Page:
• In The Lord of the Rings, good wizards (e.g. Gandalf) get their power from a divine source, the clear fantasy stand-in for God. When they start to use their power for evil, they are exposed as evil and are eventually killed (e.g. Sauruman). Other magic users, specifically Elves, are granted magic as a genetic gift. They treat magic as a potentially dangerous, corrupting tool (e.g. Galadriel with the Ring), and when the age of man rises, they remove themselves, and their magic, from the world entirely.
      • In the Chronicles of Narnia, a distinct allegory for Christianity, magic is an engrained part of the world. However, it either is granted by Aslan, a clear stand-in for Jesus, or from a corruptive, selfish source (e.g. the White Witch). The best examples of Aslan-provided magic are the two stars in The Voyage of the Dawn Treader, who are granted magical powers to rule and to provide healing.

      My point in providing this survey of magic in fiction is simply to point out that, while in real life we get a straightforward “no” to magic, it can be much more nuanced in fiction, and can even be used to point to Jesus, as in the case of the Narnia books. In fact, by forbidding magic from fiction completely, you’re eliminating half of, say, Shakespeare’s plays, or King Arthur mythology, or George MacDonald or Lewis Carroll or any other number of authors.

      In the end, I expect this is a food-sacrificed-to-idols issue (1 Corinthians 8); Harry Potter would clearly violate your conscience, so I would not ask you to read those books or see those movies. I would ask you to recognize, however, that for many of us our consciences are not violated by books involving magic. There is certainly room for debate, but grace should have the final word.

    • I respect that everyone is entitled to their view, and nothing I can say will change your mind. Sadly, on this one we will have to agree to disagree, as for me, your argument is not in line with how I read the Bible. Thankyou anyway.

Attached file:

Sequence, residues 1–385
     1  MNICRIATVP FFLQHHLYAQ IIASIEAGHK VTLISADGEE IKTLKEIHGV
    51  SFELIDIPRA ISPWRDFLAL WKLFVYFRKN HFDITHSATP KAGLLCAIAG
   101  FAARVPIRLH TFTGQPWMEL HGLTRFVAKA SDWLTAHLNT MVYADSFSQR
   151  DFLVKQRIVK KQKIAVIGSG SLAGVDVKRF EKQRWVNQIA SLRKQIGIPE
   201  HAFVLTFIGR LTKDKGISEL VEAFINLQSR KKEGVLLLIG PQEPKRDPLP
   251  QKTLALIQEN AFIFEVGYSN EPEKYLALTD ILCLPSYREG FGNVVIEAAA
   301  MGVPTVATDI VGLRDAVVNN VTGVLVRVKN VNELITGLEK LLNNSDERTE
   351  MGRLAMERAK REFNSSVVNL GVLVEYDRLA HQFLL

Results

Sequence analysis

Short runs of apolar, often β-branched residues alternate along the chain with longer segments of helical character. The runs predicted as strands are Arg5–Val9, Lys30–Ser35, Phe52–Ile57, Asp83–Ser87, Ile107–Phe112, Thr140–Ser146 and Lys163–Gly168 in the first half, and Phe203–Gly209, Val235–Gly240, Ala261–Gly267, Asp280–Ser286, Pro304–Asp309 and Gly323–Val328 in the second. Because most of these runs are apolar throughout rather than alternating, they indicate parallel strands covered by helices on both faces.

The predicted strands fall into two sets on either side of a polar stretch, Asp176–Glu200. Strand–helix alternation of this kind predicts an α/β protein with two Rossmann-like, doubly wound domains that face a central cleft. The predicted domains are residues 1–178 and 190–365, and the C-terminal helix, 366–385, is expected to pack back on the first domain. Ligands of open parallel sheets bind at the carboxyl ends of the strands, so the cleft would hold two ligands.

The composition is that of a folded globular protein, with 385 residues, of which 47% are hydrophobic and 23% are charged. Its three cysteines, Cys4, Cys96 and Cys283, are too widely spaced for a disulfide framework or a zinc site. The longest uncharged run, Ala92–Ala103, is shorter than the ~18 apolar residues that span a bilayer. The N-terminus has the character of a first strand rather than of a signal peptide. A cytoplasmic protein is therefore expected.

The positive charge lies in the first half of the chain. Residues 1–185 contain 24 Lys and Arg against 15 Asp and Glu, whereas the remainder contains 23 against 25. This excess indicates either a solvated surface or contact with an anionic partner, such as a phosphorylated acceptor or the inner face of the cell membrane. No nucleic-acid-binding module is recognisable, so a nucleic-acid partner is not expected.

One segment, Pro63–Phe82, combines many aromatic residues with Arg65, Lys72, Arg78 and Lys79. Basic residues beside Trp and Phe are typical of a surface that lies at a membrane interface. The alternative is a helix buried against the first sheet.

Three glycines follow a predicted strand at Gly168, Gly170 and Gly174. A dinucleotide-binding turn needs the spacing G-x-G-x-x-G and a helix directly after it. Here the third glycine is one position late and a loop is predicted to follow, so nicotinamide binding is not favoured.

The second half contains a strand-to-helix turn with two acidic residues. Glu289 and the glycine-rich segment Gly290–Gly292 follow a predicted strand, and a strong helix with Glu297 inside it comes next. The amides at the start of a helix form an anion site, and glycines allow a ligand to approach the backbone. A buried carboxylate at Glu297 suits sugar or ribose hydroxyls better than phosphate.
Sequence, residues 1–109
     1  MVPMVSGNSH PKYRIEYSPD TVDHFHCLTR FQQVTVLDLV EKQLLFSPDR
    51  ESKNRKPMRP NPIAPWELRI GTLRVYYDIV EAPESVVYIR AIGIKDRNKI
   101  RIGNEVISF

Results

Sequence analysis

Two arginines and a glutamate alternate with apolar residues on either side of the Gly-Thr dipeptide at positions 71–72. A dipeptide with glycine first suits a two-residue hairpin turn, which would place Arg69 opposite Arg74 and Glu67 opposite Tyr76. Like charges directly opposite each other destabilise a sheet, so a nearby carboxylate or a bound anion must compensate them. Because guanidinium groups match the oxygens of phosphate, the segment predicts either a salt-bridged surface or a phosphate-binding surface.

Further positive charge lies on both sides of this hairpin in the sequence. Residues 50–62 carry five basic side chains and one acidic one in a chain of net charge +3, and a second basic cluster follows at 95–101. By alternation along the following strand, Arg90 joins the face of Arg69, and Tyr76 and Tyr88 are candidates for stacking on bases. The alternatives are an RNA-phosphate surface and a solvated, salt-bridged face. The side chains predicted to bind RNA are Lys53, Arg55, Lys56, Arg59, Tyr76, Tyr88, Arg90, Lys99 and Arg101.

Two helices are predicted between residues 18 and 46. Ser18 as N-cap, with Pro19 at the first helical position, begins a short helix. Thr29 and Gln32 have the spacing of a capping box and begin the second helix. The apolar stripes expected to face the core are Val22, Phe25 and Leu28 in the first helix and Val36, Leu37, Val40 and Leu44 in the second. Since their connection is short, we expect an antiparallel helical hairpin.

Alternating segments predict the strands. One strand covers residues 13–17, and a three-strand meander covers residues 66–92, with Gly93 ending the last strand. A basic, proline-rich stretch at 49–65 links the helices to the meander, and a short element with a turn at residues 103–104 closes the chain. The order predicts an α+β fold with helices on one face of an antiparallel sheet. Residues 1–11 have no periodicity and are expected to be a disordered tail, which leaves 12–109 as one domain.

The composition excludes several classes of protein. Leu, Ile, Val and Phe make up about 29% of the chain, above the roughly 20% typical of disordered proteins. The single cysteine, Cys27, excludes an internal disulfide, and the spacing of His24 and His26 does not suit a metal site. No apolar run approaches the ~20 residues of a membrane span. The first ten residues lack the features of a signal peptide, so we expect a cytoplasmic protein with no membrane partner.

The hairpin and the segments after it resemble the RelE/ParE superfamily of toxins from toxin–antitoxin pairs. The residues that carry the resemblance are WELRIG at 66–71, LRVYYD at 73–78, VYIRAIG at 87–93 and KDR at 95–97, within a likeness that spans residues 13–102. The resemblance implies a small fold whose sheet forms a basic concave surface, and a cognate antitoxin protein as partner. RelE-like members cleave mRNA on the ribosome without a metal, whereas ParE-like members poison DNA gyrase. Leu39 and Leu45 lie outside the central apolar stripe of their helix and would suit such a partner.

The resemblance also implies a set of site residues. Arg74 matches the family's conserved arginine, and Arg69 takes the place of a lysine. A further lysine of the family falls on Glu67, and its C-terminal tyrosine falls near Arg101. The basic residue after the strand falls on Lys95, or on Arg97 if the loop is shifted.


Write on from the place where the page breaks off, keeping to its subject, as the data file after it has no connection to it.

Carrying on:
2. Man, I was going to watch one or more of these movies, but no thanks! I don’t care for things like Lord of the Rings, I’m definitely not watching Harry Potter, and I didn’t even finish watching the trailer of the last one!

  3. Lisa, this is wonderfully insightful stuff and deeply meaningful for me. I’ve had lots of different accountability arrangements, but none of those folks did I ever consider true friends. And those I’ve thought were my true friends never did anything remotely resembling what you describe in this article, nor did I do anything for them. I think I’ve been missing something big in both areas of my life. Specifically, I think I have failed to try to love those who were accountable partners, and I have failed to TRULY love those I thought were friends. In my mind, accountability meant “speaking the truth in love,” but that love was a pretty hard-edged one. And in my mind, friendship was mostly about loving the person as is (including me), which is a pretty soft and squishy love. Neither love is how God loves us, or calls us to love each other. Instead, TRUE love for another seems to involve being a friend for the journey, a challenge when tempted by sin, and a call to action when seeking self over service.

    Thank you for your encouragement with this article!